Results 1  10
of
10
The performance of mutual funds in the period 19451964
 Journal of Finance
, 1968
"... In this paper I derive a riskadjusted measure of portfolio performance (now known as "Jensen's Alpha") that estimates how much a manager's forecasting ability contributes to the fund's returns. The measure is based on the theory of the pricing of capital assets by Sharpe (1964), Lintner (1965a) and ..."
Abstract

Cited by 286 (0 self)
 Add to MetaCart
In this paper I derive a riskadjusted measure of portfolio performance (now known as "Jensen's Alpha") that estimates how much a manager's forecasting ability contributes to the fund's returns. The measure is based on the theory of the pricing of capital assets by Sharpe (1964), Lintner (1965a) and Treynor (Undated). I apply the measure to estimate the predictive ability of 115 mutual fund managers in the period 19451964—that is their ability to earn returns which are higher than those we would expect given the level of risk of each of the portfolios. The foundations of the model and the properties of the performance measure suggested here are discussed in Section II. The evidence on mutual fund performance indicates not only that these 115 mutual funds were on average not able to predict security prices well enough to outperform a buythemarketandhold policy, but also that there is very little evidence that any individual fund was able to do significantly better than that which we expected from mere random chance. It is also important to note that these conclusions hold even when we measure the fund returns gross of management expenses (that is assume their bookkeeping, research, and other expenses except brokerage commissions were obtained free). Thus on average the funds apparently were not quite successful enough in their trading activities to recoup even their brokerage expenses. Keywords: Jensen's Alpha, mutual fund performance, riskadjusted returns, forecasting ability, predictive ability.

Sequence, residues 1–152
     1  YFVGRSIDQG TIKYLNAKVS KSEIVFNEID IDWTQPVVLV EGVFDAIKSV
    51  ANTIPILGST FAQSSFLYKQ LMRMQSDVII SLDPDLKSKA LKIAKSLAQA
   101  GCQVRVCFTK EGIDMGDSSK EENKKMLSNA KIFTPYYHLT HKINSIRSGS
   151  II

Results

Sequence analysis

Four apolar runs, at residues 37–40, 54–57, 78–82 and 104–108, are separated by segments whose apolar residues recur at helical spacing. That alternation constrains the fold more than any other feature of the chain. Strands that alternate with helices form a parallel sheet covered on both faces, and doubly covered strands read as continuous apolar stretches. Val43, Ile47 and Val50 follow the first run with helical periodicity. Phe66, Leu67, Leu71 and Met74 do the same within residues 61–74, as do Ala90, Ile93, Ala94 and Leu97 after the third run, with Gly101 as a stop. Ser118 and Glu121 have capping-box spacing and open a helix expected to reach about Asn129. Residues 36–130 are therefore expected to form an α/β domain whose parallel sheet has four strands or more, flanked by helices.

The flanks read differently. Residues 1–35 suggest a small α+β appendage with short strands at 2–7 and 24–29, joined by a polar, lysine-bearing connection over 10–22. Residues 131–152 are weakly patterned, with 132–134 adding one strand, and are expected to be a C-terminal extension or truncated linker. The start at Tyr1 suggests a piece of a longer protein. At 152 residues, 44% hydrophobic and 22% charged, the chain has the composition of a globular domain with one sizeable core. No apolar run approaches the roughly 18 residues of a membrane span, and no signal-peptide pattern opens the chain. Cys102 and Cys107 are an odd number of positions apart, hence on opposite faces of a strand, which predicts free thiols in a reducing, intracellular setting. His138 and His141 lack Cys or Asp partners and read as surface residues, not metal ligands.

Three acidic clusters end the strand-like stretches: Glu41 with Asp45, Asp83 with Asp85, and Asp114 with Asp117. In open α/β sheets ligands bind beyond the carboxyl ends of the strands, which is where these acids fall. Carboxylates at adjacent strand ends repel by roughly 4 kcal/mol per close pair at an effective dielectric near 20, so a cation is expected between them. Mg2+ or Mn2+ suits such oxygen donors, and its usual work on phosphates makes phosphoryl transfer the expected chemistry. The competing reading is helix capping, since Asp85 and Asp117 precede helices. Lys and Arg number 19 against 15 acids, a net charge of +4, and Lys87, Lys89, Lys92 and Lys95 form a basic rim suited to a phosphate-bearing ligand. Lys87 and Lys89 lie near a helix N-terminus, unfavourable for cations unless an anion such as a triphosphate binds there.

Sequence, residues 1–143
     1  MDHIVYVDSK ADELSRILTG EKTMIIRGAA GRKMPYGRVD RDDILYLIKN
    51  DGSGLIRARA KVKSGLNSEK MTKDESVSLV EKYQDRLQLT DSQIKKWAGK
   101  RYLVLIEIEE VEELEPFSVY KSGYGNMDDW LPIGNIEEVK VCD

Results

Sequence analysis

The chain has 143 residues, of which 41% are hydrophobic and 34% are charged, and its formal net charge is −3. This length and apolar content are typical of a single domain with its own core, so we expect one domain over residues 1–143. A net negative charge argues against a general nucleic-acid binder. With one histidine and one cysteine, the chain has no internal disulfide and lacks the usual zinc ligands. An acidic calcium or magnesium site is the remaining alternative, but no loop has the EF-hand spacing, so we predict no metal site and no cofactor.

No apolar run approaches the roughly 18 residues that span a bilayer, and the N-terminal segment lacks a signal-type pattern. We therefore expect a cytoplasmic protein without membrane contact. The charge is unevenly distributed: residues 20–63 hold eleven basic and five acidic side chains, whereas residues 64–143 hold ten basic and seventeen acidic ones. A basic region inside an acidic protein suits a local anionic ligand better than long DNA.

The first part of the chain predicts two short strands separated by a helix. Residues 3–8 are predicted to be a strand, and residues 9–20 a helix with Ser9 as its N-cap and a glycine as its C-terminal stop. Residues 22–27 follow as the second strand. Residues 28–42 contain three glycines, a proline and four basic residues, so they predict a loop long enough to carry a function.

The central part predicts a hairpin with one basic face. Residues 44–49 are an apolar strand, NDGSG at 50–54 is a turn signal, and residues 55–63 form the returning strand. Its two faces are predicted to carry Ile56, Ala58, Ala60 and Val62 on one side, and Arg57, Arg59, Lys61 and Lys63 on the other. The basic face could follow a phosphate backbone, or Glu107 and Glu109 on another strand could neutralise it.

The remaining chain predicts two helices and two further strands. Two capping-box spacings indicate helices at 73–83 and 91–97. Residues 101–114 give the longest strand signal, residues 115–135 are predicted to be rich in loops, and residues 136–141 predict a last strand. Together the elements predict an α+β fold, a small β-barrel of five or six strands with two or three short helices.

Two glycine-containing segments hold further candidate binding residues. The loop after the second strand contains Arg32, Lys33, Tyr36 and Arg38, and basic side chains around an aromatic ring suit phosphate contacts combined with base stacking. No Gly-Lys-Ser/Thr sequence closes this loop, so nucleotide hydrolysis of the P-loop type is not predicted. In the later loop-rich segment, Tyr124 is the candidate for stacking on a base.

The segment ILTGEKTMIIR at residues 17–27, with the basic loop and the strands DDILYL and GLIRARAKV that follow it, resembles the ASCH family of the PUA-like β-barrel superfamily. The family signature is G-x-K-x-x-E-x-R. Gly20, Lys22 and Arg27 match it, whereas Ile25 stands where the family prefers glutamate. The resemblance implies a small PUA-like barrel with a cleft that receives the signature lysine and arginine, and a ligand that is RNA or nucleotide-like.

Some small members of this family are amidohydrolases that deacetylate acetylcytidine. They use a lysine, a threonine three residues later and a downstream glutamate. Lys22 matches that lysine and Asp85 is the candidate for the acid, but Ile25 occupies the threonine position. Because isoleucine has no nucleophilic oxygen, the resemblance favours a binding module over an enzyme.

A priori optimization
 Operations Research
, 1990
"... Algorithm for cardinalityconstrained quadratic ..."
A Brief History of Downside Risk Measures
 Journal of Investing
, 1999
"... Introduction There has been a controversy in this journal about using downside risk measures in portfolio analysis. The downside risk measures supposedly are a major improvement over traditional portfolio theory. That is where the battle lines clashed when Rom and Ferguson (1993, 1994b) and Kaplan ..."
Abstract

Cited by 16 (1 self)
 Add to MetaCart